In recent years, automakers at the North American International Auto Show have used Detroit as a place to lament the sorry state of the U.S. economy and profess dour outlooks for the upcoming year. Now, it’s the place they express their optimism.
After potential carbuyers hunkered down during the throes of the recession, luxury car producers are counting on 2012 to be the year indulgence makes a comeback.
Optimism is rooted in a strong finish to the previous year. Among the notables: Rolls-Royce posted its best sales year ever. In December, Bentley posted its second-highest sales month in its 92-year history. Mercedes-Benz enjoyed a strong finish to the calendar year, boosting its year-over-year sales in December by 27.1 percent and finishing 2011 up 16.0 percent overall.
And BMW, which narrowly eclipsed Mercedes-Benz to claim best-selling luxury brand honors, ended 2011 more than 13 percent ahead of the previous year’s pace, as both German brands knocked Lexus from the #1 spot.
“This year, there really seems to be a lot more buzz, a lot more new product and a lot more good, new product,” said David Champion, senior director of Consumer Reports’ Auto Test Center. “People are looking forward to better sales figures for next year, but it’s a very, very crowded marketplace.”
With that in mind, here’s a glance at a few of the latest luxury offerings that captured some attention in Detroit this week.
It was the 3-Series that keyed BMW’s ascension to the top of the luxury-brand sellers, unseating long-time champ Lexus. And it will be the 3-Series that decides if BMW holds that spot. The vehicle accounts for more than 50 percent of the automaker’s U.S. sales, and the sixth iteration of the venerable leader arrives next month.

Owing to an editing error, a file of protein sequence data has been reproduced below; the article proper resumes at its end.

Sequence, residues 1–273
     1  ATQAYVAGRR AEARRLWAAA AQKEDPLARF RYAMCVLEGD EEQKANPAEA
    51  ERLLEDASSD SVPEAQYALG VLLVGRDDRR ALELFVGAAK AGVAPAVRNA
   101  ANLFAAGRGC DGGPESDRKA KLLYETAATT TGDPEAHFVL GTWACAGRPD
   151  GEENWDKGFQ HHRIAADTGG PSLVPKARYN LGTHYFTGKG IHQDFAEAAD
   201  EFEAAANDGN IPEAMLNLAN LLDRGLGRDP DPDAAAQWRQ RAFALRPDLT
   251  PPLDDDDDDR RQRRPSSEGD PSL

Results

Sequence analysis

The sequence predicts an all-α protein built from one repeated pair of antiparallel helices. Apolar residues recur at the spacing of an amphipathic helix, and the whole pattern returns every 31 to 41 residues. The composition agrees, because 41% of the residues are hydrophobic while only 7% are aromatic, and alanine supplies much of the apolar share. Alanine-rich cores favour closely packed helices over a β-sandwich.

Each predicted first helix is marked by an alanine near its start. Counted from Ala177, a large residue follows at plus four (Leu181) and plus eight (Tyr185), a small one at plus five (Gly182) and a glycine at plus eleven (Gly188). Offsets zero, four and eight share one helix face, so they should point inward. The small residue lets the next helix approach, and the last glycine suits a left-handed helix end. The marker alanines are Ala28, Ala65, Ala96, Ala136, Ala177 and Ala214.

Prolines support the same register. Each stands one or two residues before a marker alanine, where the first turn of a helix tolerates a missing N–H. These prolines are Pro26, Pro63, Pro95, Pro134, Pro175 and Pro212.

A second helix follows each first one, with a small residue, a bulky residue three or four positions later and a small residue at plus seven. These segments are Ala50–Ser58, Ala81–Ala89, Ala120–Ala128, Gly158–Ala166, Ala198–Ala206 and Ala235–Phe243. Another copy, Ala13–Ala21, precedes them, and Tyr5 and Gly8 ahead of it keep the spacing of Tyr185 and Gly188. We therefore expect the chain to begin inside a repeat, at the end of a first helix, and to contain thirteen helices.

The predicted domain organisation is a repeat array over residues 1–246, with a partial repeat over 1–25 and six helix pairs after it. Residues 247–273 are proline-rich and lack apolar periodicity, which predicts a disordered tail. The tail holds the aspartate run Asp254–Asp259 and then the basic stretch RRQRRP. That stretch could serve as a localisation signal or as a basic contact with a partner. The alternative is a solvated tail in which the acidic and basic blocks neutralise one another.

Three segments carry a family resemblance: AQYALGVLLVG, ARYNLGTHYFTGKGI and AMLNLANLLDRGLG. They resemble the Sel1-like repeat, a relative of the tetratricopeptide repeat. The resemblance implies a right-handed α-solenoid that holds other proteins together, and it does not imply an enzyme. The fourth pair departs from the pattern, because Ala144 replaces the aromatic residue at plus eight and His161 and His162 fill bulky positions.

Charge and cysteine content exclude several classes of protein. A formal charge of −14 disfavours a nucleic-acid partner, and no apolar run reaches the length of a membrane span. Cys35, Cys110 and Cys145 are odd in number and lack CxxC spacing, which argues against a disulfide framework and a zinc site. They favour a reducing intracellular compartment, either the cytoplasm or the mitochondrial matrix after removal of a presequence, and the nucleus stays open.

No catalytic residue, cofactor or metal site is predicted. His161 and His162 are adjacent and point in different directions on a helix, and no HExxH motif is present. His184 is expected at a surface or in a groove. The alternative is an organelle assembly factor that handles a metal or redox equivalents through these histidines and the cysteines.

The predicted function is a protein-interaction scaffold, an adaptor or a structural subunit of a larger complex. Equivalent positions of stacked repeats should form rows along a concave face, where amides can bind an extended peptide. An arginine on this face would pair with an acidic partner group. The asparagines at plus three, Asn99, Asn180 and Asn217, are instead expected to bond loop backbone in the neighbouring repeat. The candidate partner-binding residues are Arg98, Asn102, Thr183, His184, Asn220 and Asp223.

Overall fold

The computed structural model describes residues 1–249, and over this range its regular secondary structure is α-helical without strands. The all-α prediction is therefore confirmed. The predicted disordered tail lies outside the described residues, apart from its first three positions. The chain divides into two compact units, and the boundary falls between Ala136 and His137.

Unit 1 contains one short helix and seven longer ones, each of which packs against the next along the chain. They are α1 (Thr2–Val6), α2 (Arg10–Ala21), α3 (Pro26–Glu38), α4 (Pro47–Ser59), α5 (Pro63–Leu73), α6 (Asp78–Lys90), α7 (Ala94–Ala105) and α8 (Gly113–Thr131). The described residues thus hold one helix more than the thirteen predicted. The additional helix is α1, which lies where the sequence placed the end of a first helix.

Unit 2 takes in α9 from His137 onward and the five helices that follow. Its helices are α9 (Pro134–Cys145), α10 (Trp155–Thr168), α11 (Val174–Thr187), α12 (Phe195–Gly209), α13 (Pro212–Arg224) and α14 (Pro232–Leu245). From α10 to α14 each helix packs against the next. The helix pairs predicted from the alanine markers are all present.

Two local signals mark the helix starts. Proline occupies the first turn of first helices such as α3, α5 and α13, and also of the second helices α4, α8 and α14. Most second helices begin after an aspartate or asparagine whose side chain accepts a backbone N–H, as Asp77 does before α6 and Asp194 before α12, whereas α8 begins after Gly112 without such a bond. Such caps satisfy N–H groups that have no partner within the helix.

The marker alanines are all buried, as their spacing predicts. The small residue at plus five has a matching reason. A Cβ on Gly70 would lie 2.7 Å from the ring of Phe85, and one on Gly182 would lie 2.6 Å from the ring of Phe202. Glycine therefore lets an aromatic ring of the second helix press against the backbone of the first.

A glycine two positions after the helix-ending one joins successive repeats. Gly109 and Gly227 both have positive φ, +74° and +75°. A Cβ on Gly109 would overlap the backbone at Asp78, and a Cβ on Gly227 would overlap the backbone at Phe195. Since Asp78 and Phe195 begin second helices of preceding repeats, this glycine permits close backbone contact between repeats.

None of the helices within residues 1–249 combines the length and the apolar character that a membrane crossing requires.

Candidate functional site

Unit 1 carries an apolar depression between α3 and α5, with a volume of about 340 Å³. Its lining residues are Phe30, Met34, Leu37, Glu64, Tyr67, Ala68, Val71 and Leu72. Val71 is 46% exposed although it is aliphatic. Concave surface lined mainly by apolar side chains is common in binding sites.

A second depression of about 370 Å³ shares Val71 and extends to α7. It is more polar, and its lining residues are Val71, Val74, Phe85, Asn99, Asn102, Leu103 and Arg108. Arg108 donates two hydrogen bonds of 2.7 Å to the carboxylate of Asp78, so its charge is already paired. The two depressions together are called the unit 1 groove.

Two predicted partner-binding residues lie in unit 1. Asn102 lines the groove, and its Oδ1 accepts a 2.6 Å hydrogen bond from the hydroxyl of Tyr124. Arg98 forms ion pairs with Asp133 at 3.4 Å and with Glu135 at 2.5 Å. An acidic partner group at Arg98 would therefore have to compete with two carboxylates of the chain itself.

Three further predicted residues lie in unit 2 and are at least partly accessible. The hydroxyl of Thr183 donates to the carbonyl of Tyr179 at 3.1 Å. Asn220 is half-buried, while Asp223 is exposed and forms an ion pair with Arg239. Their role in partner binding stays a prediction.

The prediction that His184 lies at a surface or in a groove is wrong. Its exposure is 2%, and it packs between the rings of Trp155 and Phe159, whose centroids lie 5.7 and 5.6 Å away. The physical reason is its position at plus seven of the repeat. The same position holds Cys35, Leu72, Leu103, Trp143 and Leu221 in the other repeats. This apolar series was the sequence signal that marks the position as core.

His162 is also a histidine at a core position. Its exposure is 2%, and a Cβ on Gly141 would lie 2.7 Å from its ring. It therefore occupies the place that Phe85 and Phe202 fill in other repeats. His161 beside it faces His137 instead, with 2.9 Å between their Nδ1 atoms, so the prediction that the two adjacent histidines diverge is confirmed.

The 328i holds a 240-horsepower, 2.0-liter, four-cylinder engine, which comes with either a six-speed manual or eight-speed automatic transmission. It’s roomier on the inside and remains comparatively light compared to the 5 and 7 series. “The 3 series is so important to BMW, and this looks like it’s going to carry on,” said David Champion, senior director of Consumer Reports’ Auto Test Center.
General Motors’ biggest splash in its hometown takes direct aim at the BMW 3 series. The Cadillac ATS was unveiled Monday, and while it would be tempting to call it a smaller version of the previous CTS, GM North America president Mark Reuss says it’s a redesigned chassis, weighing less than its class counterparts, that distinguishes the latest model. It includes Cadillac’s first five-link independent rear suspension.
Chris Berube, lead development engineer, says the ATS builds on the legacy of the CTS. That might be a concern, says David Champion, senior director of Consumer Reports’ Auto Test Center. “It’s quite an interesting car, but it took GM eight years to get the CTS reliable,” he said. “I just worry about the reliability of that car coming out.”
Fresh off the company’s second-best sales month in its nine-decade history, Bentley unveiled two new models in Detroit that contain a V8 engine developed in collaboration with Audi. The engine boasts a 500-bhp, and transitions from V8 to V4 mode under light-throttle load.
Bentley sees room in its fleet for both the GT and the W12, which it will continue to develop, and believes separate markets exist for both cars. Although no price point has been set, company executives say the GT will be priced slightly below the W12.
They say the newest models will emit 40 percent less CO2 than previous ones. And while Bentley enthusiasts aren’t often the first to conjure images of the fuel conscious, Consumer Reports Auto Test Center Senior Director David Champion says that the environmental push is trickling upward even to the likes of Bentley.
“Even though they want their luxury automobile, customers are a little more concerned about being seen as green,” he said.